A research startup backed by former Publicis media chief Jack Klues will begin testing a self-serve platform enabling brands to log in, type in a brand name, and target consumers based on the “affinity” they have for that brand. The startup, aptly named Affinity Answers, utilizes a powerful proprietary method that scrapes what people do and say about brands on social media, and scores them based on the connection they feel for specific brands.
"If I’m Coke, I can log in and type Coke Zero and I’ll get a quick hit list of what other brands my consumers are engaging with," explains founder and CEO Sree Nagarajan, adding: "This process often reveals surprising affinities, like who knew my customers also like Cheetos."
By interacting with the platform, Nagarajan says brands can find their "undiscovered, often unexpected, 'act-alike' audiences."
By act-alike, Nagarajan means the consumers aren’t just the ones that look like a brand’s targets, but actually behave like them.
“It puts a measuring stick against the upper-end of the [marketing] funnel,” explains Klues, who became and investor and joined Affinity Answers board nearly two years ago, because he believed it was an answer to a vexing problem in the ad industry that is older than a John Wanamaker quote.
“It gives a brand the ability to use their affinity -- or the affinity of similar or competing brands -- as a bridge and put a real number against it,” adds Klues, drawing on his media planning and strategy perspective, and noting: “It should enable us to provide a client with a measuring stick on the [media] property we’re buying for them, without necessarily having to show that they’re converting at the bottom end of the funnel.”
People on Madison Avenue have long-called that kind of solution a “Holy Grail” of sorts, because it is capable of marrying how a consumer, thinks, feels and behaves with the propensity they have for a given brand.
Klues, a life-long Publicis media executive who began his career at Leo Burnett and rose to CEO of VivaKi before retiring a couple of years ago, is one of the most respected media executives on Madison Avenue. He said he has been approached by numerous startups to invest or be part of their advisory boards, but so far has only played a role in three ventures, with Affinity Answers being the major one, because he believes so much in the product.
Nagarajan says that while the model is sophisticated, it is also relatively simple to use. Utilizing public social media APIs -- or application protocol interfaces developers use to integrate with other technology and databases -- he says Affinity Answers is able to anymous track, score and cluster consumer brand affinities based on simple social media behaviors.
Because it doesn’t rely simply on what people say about brands on social media -- but how they actually “engage” with brands -- he says it is representative of the “silent majority” of consumers.
To date, Affinity Answers has amassed so-called Affinity Scores on more than 50,000 brands, and continues to expand its database.
To further refine targeting and identify, which media has the greatest propensity of those consumers, Nagarajan says the Affinity Scores can be appended to either a brand’s own first-party data or to those of third-parties such as the Big Data management platforms that brands and agencies utilize to target digital media users, and increasingly, television’s too.“There’s a ton of information out there on what household you live in, what product you buy, what car you drive, etc.,” says Klues, adding, “but there wasn’t a metric that was trying to incorporate that human variable.”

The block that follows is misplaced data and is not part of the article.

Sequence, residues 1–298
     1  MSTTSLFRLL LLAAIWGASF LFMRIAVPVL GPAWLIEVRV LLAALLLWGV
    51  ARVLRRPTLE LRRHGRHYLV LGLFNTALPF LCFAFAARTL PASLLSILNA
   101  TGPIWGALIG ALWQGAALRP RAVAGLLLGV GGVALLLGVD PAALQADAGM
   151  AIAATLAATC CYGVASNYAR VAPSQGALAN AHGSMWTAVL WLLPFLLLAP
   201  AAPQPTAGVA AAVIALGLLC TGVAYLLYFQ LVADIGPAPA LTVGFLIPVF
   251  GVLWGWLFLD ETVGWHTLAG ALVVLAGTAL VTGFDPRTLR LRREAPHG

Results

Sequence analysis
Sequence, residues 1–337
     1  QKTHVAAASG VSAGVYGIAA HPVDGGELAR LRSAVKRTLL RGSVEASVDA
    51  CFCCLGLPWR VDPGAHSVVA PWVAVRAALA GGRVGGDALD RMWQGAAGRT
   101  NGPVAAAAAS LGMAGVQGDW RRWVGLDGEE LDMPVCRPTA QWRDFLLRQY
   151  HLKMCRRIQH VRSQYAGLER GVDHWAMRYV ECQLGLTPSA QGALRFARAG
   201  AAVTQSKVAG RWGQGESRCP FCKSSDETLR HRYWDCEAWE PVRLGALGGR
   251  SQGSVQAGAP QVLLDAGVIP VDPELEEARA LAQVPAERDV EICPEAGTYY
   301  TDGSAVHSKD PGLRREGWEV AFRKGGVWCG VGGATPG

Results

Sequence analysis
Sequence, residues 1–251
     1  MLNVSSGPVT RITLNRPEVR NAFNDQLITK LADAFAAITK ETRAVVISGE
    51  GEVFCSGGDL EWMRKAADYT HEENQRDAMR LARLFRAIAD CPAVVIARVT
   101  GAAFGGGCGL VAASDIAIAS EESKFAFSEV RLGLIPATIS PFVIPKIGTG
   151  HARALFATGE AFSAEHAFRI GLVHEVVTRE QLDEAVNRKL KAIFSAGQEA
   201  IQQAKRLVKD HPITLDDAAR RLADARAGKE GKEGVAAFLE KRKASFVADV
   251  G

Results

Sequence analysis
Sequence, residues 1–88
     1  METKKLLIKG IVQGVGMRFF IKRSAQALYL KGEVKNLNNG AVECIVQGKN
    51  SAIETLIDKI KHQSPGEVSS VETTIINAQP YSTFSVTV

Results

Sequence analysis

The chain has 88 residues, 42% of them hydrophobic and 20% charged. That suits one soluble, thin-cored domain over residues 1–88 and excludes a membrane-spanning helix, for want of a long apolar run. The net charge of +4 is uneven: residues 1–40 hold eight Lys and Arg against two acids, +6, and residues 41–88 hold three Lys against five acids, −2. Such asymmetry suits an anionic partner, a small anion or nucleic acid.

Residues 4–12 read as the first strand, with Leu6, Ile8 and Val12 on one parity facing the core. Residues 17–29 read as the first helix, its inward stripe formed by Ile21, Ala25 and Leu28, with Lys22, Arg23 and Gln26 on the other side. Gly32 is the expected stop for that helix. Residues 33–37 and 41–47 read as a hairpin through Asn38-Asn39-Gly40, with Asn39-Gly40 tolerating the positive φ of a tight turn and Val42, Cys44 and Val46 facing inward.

This feels like "Back To The Future." The use of affinities as a targeting mechanism harkens back to Yahoo! Consumer Direct, arguably the first digital targeting offer for brands. YCD which was based on the tenuous assumption that people with the same consumer buying profile (say, heavy users of Tide) consumed Yahoo! itself in a predictive way (say, lots of sports and kids content, not so much international news). In the absence of any targeting, even tenuous targeting was attractive to advertisers, but our industry has made considerable progress in the 10+ years since then. Using brands as the basis of affinity takes us forward a few years, to 2008 and Acerno, which failed to generate meaningful scale with an identical, if less technologically enabled, concept. The problem with this model is that scale and targeting power are inversely related because of how brands work. The biggest brands will generate the biggest affinity groups (overlaps) with other big brands, but those groups will tend to have the lowest concentrations of the intended target because of the mass appeal of the brands involved. The reverse is also true, as the Acerno guys could tell you. Advertisers will be smart to understand the actual target composition and scale generated by a brand affinity model (indeed any targeting model) before paying the premium.
Jim, Thank you for the insight - and we think Back to the Future is still a great film, 30+ years later.
We completely agree that affinity is not a new concept by any stretch. What we've been able to do is take advantage of a moment in time where social engagements are available at massive scale. The advances in ad tech and programmatic capabilities also provide a way for us to extend audiences based on mutual affinity - where, for example, Tide fans love Sunday Night Football, and Sunday Night Football fans also love Tide.
We would love to have a conversation with you to discuss this and other ideas.